37 upvotes
Toronto
aidan24 wrote:
Nov 2nd, 2009 9:14 pm
Leave Kramer out of this. I am extremely disappointed that you found it necessary to bring him up.
Hey, don't say that! I love Kramer! In fact, he is a genius! :)
Deal Guru
User avatar
Nov 15, 2004
12581 posts
903 upvotes
Toronto
liorsyncro wrote:
Nov 2nd, 2009 7:28 pm
(3) If you PAY the debt, the collection agency will report the bureau (and this doesn't always happen automatically as most collection agencies are staffed by first-class amateurs), the trade line will change to PDCL (meaning paid collection). At this point it will purge from the record 6 years from when the status was changed to PDCL!!! NOT when the amount was first reported (contrary to popular belief).

If you paid the debt, the R9 remains on your record and will be purged in 6 years from when you paid it. The ramifications remain the same. Paying the amount will not fix your credit score but rather ensure that it will be purged in the future from the record. Whether you choose to pay or not is up to you. If it's not revolving and there has been no activity for a few years, then you may as well just let it purge by itself and keep your money. On the other hand, if it's still revolving and reporting R9, then paying it off now will ensure that 6 years from now it will purge. However, paying it off will not improve your beacon. It will improve your credit in the long run when it purges but not for at least 6 years.
This is true. Despite the fact that paying it is the ethical thing to do, the system will not reward such behaviour. It is in the OP's interest not to pay it and let it drop off his record automatically.

OP, I ended up in a similar situation. I took OSAP the first year of university, and only got something like $700. I realized it was a useless program if you don't know how to milk it and I could do better by myself, so I worked and paid it off. Unfortunately, they somehow managed to tack on $40 on top of what I owed, and didn't contact me to let me know it was still outstanding for three months. As a result, I have a 'three or more payments past due' for 40 bloody dollars. It's not going to drop off until 2011, and there's nothing to be done but wait it out.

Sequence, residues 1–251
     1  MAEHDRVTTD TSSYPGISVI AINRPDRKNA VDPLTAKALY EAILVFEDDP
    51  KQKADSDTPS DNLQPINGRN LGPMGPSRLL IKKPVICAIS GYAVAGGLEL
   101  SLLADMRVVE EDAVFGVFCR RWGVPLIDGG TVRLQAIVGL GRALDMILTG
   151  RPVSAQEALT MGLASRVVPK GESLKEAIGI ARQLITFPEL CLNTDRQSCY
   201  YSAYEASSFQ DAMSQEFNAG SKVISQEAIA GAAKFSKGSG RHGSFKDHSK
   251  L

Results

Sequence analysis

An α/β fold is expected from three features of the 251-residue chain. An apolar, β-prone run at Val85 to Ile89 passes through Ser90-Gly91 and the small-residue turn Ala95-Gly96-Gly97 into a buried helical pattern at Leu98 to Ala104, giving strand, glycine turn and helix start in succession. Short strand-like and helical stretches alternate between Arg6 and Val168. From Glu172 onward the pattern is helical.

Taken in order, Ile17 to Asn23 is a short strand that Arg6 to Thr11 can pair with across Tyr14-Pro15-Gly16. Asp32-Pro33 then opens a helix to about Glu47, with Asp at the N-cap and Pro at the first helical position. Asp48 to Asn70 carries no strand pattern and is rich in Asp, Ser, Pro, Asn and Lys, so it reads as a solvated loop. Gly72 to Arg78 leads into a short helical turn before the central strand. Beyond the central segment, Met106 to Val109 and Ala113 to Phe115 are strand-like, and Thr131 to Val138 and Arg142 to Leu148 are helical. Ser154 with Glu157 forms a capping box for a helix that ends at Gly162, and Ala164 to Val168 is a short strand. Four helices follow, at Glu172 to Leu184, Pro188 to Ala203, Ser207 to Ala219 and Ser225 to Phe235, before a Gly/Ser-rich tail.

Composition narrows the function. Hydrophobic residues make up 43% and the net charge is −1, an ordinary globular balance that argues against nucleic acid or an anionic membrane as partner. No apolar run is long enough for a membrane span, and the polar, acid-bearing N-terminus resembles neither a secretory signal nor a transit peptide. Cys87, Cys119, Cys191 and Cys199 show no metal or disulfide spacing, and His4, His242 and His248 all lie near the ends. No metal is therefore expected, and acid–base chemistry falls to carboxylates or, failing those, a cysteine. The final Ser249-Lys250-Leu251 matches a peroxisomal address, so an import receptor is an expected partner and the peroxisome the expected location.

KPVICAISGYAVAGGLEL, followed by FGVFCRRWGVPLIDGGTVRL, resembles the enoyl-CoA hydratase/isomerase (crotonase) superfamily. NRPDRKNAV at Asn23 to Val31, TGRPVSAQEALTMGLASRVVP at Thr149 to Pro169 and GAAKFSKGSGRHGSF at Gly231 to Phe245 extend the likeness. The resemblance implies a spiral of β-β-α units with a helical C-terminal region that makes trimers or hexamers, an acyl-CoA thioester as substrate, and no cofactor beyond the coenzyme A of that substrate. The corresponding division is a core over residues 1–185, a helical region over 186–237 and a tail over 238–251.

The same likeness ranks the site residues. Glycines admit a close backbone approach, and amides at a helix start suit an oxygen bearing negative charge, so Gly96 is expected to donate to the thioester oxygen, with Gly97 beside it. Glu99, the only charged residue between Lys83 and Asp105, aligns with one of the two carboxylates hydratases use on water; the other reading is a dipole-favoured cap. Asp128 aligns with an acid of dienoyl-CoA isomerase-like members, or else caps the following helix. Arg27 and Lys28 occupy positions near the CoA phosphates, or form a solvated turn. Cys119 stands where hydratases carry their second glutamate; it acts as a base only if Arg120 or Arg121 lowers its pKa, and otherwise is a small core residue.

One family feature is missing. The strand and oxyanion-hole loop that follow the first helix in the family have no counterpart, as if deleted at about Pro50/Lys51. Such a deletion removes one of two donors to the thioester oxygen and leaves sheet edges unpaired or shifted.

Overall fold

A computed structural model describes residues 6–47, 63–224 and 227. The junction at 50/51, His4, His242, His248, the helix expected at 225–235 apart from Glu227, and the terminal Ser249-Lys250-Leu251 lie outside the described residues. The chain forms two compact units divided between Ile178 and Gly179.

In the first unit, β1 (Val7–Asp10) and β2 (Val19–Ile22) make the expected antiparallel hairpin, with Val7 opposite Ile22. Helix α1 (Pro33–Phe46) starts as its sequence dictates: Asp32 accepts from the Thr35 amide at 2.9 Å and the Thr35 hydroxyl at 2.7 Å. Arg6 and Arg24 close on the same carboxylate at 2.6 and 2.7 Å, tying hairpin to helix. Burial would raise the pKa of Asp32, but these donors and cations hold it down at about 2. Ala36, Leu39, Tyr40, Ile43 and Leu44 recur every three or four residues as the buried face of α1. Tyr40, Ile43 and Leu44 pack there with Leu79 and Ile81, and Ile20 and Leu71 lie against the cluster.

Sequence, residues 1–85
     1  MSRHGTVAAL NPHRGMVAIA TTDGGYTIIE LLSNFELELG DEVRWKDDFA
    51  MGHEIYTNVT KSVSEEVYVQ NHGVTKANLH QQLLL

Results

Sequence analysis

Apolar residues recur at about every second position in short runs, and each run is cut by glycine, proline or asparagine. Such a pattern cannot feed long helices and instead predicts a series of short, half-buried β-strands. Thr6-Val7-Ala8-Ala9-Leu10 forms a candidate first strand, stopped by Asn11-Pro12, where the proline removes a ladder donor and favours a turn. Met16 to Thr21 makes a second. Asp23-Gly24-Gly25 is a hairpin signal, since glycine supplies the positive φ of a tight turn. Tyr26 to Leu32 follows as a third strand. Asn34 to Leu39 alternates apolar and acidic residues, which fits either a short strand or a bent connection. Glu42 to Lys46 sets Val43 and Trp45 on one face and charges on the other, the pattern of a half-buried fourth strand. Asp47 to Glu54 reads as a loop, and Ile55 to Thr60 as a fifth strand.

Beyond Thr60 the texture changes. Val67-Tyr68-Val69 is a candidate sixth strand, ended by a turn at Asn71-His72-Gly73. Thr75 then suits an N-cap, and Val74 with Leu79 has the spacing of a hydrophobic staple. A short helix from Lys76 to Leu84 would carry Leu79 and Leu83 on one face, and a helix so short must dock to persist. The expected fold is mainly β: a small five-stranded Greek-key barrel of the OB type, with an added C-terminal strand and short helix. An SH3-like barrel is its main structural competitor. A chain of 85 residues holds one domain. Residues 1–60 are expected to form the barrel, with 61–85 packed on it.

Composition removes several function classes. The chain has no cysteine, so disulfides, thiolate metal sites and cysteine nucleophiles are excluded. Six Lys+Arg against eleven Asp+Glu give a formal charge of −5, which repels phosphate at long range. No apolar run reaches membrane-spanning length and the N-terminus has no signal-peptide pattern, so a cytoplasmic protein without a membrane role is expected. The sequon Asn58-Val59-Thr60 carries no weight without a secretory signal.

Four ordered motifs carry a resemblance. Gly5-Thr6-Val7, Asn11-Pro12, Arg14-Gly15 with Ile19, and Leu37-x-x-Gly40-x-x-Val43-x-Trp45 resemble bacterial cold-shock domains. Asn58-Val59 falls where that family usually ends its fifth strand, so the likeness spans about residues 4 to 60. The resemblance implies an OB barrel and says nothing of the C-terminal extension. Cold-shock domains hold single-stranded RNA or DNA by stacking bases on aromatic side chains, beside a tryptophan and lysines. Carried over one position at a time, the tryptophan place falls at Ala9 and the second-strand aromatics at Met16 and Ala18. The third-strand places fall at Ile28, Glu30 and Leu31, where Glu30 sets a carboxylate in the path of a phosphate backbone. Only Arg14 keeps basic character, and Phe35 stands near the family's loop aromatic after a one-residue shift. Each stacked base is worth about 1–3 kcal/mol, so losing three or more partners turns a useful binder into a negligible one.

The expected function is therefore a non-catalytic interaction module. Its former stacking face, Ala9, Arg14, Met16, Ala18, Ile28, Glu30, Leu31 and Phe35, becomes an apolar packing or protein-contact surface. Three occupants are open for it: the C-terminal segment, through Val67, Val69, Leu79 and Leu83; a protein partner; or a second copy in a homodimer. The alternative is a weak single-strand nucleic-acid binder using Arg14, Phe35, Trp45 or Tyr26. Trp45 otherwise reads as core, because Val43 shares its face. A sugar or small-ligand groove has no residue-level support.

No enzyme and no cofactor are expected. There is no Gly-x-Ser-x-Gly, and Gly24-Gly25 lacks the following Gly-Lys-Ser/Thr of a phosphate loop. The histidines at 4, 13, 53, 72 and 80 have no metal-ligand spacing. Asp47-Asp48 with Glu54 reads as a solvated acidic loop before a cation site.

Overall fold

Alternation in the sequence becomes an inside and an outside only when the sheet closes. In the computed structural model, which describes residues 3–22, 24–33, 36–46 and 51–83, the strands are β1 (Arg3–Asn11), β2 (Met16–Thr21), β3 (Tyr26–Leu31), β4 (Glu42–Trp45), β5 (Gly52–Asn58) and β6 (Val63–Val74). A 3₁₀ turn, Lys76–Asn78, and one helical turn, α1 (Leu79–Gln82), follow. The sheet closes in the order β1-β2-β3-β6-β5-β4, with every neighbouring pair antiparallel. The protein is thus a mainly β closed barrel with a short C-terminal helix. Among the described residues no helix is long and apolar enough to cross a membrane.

Sr. Member
Sep 28, 2008
556 posts
43 upvotes
OP, I too will vouch for the "paying it off does nothing" argument. Quite a while ago, through my own doing, I had a visa bill go to collections. Collections only wanted a portion of what was owing, but I offered to pay all of what was orignially owed, with the the intentions of 1) speeding up the recovery process of my debt rating and 2) feeling better morally. The collections agent told me I was pretty much an idiot for wanting to do that, as the damage had been done and that Visa had moved on it from it, which is why I was dealing with her.

Take it as a learning experience, and if you really want to see that money go to something good, donate it to a worthy cause. Just my 2 cents.
Deal Addict
User avatar
Oct 23, 2006
3248 posts
493 upvotes
Winnipeg
Efx wrote:
Nov 2nd, 2009 4:36 pm
Giving a new address to who? equifax/transunion?
DO YOU NEED TO DO THIS WHEN YOU MOVE?

I thought since you change all your credit cards, the credit agencies automatically update your address
Deal Addict
Oct 30, 2008
2120 posts
53 upvotes
Toronto
If you have a revolving debt that's still reporting R9, such as a student loan, just offer the collection agency to settle it for pennies on the dollar. It's already been written off by the creditor, now they're just trying to salvage whatever they can by holding the borrower by the balls with the R9 on the bureau. Even if they can still go to court, they know that going to court is expensive, takes a long time, and they know that the judge may order them to reduce the balance if the borrower has no ability to pay. The outcome is just too unpredictable.

How much should you offer? I would start with 10 cents of the dollar and negotiate from there. They will have to settle for less, there are no exceptions here. After all, even after you pay off the amount the trade line remains on file for 6 years. There's no need to be confrontational when dealing with the collection agency, just be realistic. Usually the more aware you are of how the system works the less the likelihood some 20k a year bill collector has of ********ting you into paying the full amount.

If you have an R9 and it hasn't been updated in a while, just let it purge automatically. But beware that it may always come back if the debt is transferred to a collection agency or if your creditor sells the debt to firms like Aktiv Kapital, who specialize in buying junk debt.
Lior Hershkovitz
Broker at Mortgage Edge, specializes in construction financing and private lending
Construction rates start p+2.5%, 2nd mortgage start 5.99%, private financing start 7% max. 95% LTV
× < >

Top